Beyond the Reach of Creditors. The Best Laid Plans for Wealth Protection : Insolvency Act Section 423


There are numerous reasons as to why a family may want to ensure that accumulated wealth is safeguarded from unexpected misfortune; and a wide variety of steps that can be taken to preserve family assets. This article looks at the sometimes-narrow dividing line between legitimate wealth protection and steps that may be seen as putting wealth beyond the reach of creditors and which can therefore be unwound in the future.

Section 423 Insolvency Act 1986 has application where an individual (or company) has entered into a transaction at an undervalue (i.e. gift or consideration significantly less than value given) for a 'prohibited purpose' (i.e. to put assets beyond the reach of creditors who are making or may make in the future some claim against the individual). There is no limitation period applicable to this 'clawback provision' and it is therefore of concern in the case of any gift/transfer where the transferor will, or could at some time in the future enter into some form of insolvency process.

Two very recent cases have looked at the question of when this provision may bite. The Wotherspoon case concerned the most common form of wealth protection, the gift by a husband to his wife of his share in the matrimonial home.

The case is interesting as the reasons put forward for the transfer (1) a promise made on marriage in 1993, (2) the ill-health/risk of surgery to the husband in 2008 and wish to provide ready cash to the family, were rejected; furthermore the evidence put forward by the husband and wife as generally discredited. However the trustee in bankruptcy (TiB) was unsuccessful in setting aside the transfer as he was unable to satisfy the court that on the balance of probabilities the gift was for a prohibited purpose.

The key takeaways from this case include:

  • It was not enough that the TiB discredited the husband and wife's evidence – the rejection of their reasoning was not enough to infer the gift was for a prohibited purpose.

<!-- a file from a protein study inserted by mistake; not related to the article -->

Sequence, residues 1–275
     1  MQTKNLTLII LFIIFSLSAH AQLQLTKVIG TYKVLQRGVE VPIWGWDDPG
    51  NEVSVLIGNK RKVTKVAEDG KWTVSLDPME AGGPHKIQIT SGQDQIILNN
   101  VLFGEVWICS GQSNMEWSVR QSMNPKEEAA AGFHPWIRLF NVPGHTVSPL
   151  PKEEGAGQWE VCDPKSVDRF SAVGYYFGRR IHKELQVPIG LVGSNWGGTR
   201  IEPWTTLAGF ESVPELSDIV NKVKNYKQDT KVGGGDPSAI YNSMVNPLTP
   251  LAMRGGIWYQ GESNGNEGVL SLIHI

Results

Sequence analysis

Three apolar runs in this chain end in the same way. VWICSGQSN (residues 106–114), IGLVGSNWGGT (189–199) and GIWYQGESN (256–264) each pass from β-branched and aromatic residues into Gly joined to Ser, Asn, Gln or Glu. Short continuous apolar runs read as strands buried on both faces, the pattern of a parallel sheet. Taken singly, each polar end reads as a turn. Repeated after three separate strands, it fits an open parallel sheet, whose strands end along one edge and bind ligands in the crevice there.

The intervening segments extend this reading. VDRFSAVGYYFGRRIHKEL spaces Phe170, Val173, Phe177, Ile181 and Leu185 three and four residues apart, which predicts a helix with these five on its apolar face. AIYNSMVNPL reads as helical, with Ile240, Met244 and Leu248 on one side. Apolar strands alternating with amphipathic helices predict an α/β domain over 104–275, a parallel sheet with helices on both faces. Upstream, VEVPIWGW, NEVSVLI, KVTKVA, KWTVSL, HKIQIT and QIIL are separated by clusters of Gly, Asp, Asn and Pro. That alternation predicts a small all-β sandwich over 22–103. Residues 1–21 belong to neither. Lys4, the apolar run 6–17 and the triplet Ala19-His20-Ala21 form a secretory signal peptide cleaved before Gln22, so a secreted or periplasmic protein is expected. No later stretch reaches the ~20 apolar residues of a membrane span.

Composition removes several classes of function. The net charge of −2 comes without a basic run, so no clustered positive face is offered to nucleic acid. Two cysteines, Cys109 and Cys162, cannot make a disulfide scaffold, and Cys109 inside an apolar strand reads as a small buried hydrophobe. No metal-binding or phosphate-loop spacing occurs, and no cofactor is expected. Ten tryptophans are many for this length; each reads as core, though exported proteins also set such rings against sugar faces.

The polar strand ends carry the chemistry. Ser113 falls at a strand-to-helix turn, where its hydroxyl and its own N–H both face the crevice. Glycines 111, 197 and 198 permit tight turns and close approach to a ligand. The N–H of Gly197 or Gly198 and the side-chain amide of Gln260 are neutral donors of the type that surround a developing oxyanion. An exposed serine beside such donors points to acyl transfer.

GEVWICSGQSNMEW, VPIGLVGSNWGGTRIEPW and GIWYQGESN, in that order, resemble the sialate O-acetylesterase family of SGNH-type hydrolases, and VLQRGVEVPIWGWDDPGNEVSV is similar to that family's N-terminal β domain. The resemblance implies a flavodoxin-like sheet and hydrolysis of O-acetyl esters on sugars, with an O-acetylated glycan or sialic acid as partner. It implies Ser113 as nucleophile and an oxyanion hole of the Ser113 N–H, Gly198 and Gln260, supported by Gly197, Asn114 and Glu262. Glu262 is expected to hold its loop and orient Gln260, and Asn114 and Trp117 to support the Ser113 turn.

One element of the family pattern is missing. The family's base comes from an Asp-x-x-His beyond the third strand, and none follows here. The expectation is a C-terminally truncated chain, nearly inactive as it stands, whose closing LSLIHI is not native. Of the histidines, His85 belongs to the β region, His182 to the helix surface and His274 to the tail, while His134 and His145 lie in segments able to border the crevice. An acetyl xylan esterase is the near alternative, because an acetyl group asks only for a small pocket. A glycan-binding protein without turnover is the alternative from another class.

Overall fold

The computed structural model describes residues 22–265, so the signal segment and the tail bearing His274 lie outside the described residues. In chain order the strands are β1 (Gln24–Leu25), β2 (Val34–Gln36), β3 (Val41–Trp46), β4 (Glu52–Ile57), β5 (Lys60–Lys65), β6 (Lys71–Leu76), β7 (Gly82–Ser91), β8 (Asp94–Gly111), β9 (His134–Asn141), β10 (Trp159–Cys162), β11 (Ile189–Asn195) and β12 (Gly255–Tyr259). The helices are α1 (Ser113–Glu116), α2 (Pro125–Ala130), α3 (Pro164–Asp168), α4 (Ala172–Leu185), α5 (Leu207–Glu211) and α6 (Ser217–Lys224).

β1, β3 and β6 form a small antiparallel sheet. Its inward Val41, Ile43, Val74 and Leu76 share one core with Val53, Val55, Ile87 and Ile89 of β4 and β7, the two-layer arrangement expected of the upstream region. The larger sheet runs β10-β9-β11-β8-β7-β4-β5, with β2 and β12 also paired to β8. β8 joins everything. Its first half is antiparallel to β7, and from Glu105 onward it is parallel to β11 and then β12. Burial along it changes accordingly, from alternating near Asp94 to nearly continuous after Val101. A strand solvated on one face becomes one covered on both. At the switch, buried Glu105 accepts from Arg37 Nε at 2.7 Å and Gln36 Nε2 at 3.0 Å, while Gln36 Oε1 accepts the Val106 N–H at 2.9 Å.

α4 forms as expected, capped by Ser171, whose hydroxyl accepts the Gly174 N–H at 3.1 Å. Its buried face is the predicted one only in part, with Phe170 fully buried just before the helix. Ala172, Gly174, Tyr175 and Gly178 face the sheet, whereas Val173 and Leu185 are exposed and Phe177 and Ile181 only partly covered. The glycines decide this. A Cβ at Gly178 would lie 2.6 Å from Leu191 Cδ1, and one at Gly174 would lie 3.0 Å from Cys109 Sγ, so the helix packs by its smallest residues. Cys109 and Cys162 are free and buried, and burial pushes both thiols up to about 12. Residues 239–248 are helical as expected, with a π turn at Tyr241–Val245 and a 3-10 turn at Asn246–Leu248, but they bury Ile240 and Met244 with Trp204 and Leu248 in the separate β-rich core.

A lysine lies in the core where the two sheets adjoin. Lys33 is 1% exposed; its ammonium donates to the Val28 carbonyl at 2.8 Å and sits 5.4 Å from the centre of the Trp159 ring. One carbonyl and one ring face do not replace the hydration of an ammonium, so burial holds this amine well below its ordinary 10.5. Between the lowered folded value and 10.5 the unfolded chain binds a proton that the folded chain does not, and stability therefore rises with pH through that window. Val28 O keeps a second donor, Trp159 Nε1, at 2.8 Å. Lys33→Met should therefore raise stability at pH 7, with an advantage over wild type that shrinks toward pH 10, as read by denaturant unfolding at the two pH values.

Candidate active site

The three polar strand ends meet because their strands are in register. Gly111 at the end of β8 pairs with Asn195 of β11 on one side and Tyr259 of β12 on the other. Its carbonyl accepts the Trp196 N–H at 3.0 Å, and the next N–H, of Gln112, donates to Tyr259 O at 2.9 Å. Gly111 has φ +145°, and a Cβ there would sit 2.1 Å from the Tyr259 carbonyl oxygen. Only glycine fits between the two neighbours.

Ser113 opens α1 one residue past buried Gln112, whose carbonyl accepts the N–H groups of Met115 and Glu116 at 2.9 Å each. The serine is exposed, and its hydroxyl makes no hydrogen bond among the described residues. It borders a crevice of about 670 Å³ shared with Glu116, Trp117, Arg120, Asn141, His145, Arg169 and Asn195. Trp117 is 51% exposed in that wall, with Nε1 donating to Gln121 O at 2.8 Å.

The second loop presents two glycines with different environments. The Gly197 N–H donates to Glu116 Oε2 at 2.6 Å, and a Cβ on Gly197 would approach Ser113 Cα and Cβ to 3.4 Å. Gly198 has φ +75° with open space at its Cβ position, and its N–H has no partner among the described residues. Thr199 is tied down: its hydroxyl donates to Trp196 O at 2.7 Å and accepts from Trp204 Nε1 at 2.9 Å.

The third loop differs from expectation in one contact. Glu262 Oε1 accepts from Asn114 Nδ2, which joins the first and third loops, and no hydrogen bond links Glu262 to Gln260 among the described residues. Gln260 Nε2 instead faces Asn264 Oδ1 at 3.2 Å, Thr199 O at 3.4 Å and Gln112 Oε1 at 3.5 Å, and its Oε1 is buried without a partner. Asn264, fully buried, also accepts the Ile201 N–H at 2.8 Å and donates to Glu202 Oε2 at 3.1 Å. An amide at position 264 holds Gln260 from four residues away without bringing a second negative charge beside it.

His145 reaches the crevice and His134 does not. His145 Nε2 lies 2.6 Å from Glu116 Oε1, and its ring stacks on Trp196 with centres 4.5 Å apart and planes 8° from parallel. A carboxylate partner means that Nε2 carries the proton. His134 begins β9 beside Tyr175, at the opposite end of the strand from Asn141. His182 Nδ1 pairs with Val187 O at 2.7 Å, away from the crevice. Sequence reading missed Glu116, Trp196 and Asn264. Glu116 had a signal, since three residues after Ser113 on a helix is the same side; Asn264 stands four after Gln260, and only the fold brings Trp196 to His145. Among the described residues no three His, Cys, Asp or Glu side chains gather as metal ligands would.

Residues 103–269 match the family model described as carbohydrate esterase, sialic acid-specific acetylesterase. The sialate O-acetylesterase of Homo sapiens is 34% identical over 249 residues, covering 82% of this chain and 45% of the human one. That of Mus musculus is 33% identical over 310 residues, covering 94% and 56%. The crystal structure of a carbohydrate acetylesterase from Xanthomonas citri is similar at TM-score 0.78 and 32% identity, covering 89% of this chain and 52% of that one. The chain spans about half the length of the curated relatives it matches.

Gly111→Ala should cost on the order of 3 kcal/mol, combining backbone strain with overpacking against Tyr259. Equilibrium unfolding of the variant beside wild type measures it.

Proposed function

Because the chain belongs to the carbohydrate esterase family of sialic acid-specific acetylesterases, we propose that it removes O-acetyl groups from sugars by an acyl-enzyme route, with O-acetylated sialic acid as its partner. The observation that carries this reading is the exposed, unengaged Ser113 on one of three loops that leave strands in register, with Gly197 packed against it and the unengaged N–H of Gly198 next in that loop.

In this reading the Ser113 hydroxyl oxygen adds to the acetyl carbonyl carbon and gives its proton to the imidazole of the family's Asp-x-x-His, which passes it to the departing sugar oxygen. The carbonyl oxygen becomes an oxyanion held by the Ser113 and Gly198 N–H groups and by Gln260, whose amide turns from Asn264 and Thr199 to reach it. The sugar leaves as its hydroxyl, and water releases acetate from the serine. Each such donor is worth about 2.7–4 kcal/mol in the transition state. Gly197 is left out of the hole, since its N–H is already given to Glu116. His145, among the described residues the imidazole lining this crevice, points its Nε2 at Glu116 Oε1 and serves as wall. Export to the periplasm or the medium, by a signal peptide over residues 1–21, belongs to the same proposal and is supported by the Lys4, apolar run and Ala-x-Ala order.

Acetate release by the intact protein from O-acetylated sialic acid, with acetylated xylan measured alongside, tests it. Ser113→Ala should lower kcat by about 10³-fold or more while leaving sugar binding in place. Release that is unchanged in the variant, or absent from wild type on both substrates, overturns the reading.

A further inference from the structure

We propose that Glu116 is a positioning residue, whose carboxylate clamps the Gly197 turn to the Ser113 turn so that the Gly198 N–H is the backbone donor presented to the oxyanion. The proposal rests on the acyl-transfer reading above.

• There was no evidence that the husband had any creditors in mind or consider possible financial misfortune lay ahead when making the gift.
  • There was no evidence that the husband was made insolvent by the gift.
  • There seems to be an implied rejection of the TiB's case that the transferor should have regard to some unforeseen creditor/the economic conditions/the potential risks in the future.

In regard to this final point, in October the Supreme Court in the case of Sequana  while looking at whether a director owed a duty to creditors, gave guidance as to when creditor claims, and the threat of insolvency should be an overriding consideration. Despite contingent claims being in existence at the time of transaction (in this case a dividend to shareholders) the Court stressed that there is a sliding scale of potential insolvency; and even if there was a 'real' and not fanciful risk of insolvency, an overriding duty to creditors only arises where there is probable risk.

Taken together these cases appear to offer greater latitude to those thinking of protecting their wealth in case of future financial misfortune. However it remains appropriate to ensure that any step of wealth protection is for an appropriate reasons (e.g. tax planning, family provision etc.) and that this is documented at the time of the transfer. Furthermore that at the time of transfer regard is had to potential creditors and the risk of insolvency.  

In light of the uncertain economic climate in coming months and years it is worthwhile reaching out to private wealth professionals to get advice on appropriate wealth protection and how to avoid attack many years in the future.

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